8. azrielariel

    azrielariel New Member

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    Just got back from the intro trip. Went to the school in S. Jakarta and it seems pretty decent. Now it's a matter of getting visas and all the rest of the mumbo jumbo done plus the house and car in place. My goodness, the SUVs are expensive and the funny thing is I won't even be able to drive the thing. The wife doesn't want to even though it is her country. It will take a while but eventually I'll take the wheel (properly licensed) and see what happens.

    The place we picked out to live is within about 10 minutes walking distance to the school and it's a rental for a year. So, even if the driver (which was initially a surprise that we have to hire) is a no show the little ones can hike it in with their mom. With the exchange rate being what it is, the cost is a little less painful. To me, anything above zero is a pain. Here goes.
     
  9. Puspawarna

    Puspawarna
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    Thanks for the update, and good luck with settling in.
     
  10. snpark

    snpark Active Member Cager

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    Another useful addition to the family would be a little scooter thingy, that way at least the wife or the maid can pop down to the shops and / or also drop the kids off at school (assuming you trust her on a bike and she can ride one)
    Then the 10min walk is a 1 min ride only
     
  11. steveandpenny

    steveandpenny Active Member Cager

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    Might I ask where you are coming from ? Cause if it's the states any school here is safer then the schools there . No one here gets shot here because someone is having a bad day. Yes I'm from the states and am loving the new exchange rate. Good luck
     
  12. waarmstrong

    waarmstrong Well-Known Member Charter Member Cager

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    Shot in school here? Not likely. Getting blown up while at the mall is a possibility. But take heart, its about as common as getting shot in an American school.
     
  13. steveandpenny

    steveandpenny Active Member Cager

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    Lol yeah the way not to get shoot in some areas of the states is never look at anybody , stay inside and carry a gun. It all comes easy when you live there and I lived there for 50 years and i was only shoot at twice in all those years . Had guns pointed at me many times but i was a asshole.
    And you know I'm just being cheeky except about being shot at twice.
     
  14. azrielariel

    azrielariel New Member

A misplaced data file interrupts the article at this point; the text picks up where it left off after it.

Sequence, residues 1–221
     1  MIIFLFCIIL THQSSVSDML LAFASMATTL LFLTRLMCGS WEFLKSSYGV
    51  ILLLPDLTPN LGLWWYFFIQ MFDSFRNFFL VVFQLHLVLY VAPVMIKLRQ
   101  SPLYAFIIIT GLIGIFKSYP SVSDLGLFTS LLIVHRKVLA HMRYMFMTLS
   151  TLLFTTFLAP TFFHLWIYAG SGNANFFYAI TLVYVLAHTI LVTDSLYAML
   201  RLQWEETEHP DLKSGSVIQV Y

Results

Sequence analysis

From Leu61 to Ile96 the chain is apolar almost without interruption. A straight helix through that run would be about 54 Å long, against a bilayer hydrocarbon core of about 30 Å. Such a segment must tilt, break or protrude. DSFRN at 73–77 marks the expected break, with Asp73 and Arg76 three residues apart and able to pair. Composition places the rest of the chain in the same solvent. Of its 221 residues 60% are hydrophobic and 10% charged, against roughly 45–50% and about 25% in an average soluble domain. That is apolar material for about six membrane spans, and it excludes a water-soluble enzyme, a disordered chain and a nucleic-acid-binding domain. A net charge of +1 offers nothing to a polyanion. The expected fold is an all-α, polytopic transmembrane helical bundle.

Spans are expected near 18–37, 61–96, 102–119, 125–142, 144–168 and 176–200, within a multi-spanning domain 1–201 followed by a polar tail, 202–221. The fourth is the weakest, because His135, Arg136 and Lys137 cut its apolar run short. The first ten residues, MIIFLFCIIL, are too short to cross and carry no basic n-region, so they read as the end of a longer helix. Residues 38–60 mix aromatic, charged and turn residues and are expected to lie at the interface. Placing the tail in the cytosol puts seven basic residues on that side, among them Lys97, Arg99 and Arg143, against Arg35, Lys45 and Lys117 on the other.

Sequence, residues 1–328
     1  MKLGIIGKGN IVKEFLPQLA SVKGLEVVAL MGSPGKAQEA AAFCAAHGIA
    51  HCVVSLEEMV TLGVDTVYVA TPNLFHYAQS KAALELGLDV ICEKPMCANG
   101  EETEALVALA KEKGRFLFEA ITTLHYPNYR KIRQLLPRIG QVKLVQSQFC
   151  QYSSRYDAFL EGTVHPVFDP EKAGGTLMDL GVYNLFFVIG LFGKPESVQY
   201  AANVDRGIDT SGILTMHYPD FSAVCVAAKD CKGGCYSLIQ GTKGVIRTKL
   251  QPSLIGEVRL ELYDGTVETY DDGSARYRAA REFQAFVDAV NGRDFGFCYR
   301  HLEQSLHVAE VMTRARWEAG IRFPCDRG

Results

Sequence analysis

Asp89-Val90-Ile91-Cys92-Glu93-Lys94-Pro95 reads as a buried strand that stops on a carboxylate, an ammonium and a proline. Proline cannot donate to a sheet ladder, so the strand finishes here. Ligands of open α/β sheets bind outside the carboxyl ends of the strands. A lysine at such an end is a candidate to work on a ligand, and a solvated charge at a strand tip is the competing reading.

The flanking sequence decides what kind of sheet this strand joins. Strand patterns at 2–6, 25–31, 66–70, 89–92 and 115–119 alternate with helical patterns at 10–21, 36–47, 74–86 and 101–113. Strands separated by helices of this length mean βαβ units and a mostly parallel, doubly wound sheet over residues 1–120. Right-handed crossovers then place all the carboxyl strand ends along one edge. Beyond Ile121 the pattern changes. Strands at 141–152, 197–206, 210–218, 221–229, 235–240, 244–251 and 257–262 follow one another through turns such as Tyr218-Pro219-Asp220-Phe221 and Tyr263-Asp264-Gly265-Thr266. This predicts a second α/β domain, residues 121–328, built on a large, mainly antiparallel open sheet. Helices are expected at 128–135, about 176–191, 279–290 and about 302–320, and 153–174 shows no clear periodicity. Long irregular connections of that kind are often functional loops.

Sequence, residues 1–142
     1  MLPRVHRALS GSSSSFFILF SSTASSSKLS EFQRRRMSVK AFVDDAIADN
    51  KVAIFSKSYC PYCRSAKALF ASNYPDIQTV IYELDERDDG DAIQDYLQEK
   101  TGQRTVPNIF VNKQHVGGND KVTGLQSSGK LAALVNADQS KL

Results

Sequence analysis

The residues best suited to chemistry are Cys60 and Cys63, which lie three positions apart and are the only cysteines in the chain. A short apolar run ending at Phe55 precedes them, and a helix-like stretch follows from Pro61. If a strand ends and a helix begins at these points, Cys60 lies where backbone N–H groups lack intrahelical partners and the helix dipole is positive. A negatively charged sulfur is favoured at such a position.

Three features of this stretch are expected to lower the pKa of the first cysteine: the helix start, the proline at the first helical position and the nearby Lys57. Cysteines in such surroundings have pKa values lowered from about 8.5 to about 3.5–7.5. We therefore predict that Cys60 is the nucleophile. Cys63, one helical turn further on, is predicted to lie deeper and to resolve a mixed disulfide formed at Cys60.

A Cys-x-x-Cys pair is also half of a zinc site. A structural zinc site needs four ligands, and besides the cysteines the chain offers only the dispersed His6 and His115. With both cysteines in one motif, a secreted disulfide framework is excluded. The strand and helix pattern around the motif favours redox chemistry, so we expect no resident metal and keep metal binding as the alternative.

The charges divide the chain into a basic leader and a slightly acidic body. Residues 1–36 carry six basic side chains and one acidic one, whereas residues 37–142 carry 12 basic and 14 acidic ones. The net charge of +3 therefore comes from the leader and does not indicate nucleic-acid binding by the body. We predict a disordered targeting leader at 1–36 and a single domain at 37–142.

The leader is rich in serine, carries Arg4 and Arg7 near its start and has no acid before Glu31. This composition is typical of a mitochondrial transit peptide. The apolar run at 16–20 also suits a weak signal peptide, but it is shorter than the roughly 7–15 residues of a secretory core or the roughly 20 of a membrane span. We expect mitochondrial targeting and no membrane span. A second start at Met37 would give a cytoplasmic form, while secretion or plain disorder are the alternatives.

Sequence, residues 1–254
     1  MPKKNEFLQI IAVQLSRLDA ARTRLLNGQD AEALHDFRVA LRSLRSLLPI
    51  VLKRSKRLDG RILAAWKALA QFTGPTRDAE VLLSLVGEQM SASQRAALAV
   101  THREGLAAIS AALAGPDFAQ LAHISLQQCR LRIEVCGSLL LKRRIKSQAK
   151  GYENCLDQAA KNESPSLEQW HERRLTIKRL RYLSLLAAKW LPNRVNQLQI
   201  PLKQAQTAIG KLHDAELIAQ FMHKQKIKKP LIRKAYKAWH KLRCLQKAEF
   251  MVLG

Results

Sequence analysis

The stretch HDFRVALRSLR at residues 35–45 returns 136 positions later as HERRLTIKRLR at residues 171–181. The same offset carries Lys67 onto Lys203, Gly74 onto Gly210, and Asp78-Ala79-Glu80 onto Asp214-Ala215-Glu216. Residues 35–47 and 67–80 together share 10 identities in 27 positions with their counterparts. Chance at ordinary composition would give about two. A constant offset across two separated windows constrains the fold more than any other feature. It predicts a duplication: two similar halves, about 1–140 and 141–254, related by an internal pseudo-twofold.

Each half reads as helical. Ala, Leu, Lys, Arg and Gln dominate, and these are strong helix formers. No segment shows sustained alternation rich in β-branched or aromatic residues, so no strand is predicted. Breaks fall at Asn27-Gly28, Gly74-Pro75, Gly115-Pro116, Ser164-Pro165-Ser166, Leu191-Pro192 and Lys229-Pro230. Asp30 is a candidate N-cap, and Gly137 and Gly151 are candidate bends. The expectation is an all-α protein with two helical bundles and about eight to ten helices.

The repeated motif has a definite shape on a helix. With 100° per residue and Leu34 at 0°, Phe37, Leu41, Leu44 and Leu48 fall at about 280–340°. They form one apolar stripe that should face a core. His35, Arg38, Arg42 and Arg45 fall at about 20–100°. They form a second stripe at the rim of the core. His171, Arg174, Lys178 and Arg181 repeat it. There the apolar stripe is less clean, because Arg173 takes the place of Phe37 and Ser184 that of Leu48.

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    Told the wife about the getting shot thing and her response was the only place where you can be where you won't run into crazy people is the deep jungle. But, you may run into a lion, tiger or a band of starving monkeys.
     
  15. snpark

    snpark Active Member Cager

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    More likely to get crushed by a lambo in a warung or poisoned by some coffee
     
  16. snpark

    snpark Active Member Cager

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    btw if they tell you the stock market is collapsing, they mean it literally
     
  17. El_Goretto

    El_Goretto
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    Having a driver is a matter of preference, really.

    It's a good idea to have a driver if you can afford one when you arrive, because it can be overwhelming. After a while and once you have learned a bit of bahasa Indonesia (if you haven't already) and you're more adjusted, you can start by taking the car on Sunday mornings when your driver is off and the streets are quiet and take it from there.

    That's what I did and when my driver disappeared, I found it too much hassle to hire a new one. Been driving myself since then (about 6.5 years).
     
  18. waarmstrong

    waarmstrong Well-Known Member Charter Member Cager

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    Same here, finding long term household help can be more hassle than it seems to be worth. We did the throw up our hands thing after two drivers quit w/o explanation in rapid succession. Wife now drives in Jakarta when we don't use Grab and I drive in Pella (small Midwestern town USA). I do have an Indonesian SIM, but rarely get behind the Kijang wheel any more.
     
  19. jstar

    jstar Mr. 10,000

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    It breaks my heart to say this; but in fact you don't need a car here of course. I calculated already a couple of times for people what would be more profitable. And if they take 3 return trips per day (one from Jakarta Utara to Jakarta Pusat and two in Utara itself) it is still much cheaper to take a Grab than owning your own car.

    Not to forget the stress of driving yourself, or having to facilitate and feed a driver, and getting a parking at a shopping mall / school / work / etc. So the only time owning a car is really indispensable -not considering the financials- is if you have (younger) kids at school which is not located close by. (That's more from a convenience and safety view.)
     
  20. azrielariel

    azrielariel New Member

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    Jstar you're right. A lot of people don't need a car and many can't really afford it but the streets of Jakarta sing a different tune. There are a lot of strange to the west concepts and family interactions that I'm just beginning to recognize even exist let alone comprehend, this being one of them.